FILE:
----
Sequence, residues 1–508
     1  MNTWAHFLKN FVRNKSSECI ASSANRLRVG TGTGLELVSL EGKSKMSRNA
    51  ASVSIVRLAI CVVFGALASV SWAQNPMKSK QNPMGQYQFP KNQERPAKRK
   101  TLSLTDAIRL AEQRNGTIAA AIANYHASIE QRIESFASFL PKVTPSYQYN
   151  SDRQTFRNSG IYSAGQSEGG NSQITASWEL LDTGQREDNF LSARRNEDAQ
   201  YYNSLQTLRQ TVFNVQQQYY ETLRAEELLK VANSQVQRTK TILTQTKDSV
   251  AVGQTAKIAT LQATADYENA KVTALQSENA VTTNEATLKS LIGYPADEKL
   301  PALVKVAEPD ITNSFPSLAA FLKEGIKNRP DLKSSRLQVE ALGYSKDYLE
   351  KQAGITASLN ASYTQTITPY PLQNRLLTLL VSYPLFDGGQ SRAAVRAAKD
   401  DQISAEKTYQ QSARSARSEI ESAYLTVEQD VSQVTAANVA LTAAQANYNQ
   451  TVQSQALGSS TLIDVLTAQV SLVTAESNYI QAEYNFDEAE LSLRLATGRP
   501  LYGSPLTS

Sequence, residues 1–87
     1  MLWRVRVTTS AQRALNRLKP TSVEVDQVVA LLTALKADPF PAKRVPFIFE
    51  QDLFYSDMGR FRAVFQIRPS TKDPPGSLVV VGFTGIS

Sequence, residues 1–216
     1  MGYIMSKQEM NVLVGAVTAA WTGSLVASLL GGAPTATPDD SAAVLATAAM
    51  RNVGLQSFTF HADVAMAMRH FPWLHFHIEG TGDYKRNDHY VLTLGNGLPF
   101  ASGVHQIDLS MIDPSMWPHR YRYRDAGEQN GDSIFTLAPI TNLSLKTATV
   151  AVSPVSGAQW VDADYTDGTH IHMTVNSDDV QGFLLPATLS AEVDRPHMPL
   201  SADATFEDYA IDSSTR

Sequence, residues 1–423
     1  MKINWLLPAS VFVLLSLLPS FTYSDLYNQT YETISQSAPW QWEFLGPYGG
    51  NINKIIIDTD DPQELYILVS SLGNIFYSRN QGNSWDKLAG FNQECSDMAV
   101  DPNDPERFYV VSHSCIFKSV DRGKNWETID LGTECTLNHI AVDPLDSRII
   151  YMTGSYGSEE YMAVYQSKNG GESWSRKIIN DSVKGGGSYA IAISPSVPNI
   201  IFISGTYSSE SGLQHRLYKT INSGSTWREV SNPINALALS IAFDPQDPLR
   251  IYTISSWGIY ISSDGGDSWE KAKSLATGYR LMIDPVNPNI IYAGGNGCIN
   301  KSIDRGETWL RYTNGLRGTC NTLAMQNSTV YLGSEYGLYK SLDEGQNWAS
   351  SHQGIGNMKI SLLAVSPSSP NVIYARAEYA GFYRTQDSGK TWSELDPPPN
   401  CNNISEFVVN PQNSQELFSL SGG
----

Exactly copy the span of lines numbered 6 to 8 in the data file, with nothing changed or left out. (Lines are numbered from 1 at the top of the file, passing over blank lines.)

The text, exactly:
   201  YYNSLQTLRQ TVFNVQQQYY ETLRAEELLK VANSQVQRTK TILTQTKDSV
   251  AVGQTAKIAT LQATADYENA KVTALQSENA VTTNEATLKS LIGYPADEKL
   301  PALVKVAEPD ITNSFPSLAA FLKEGIKNRP DLKSSRLQVE ALGYSKDYLE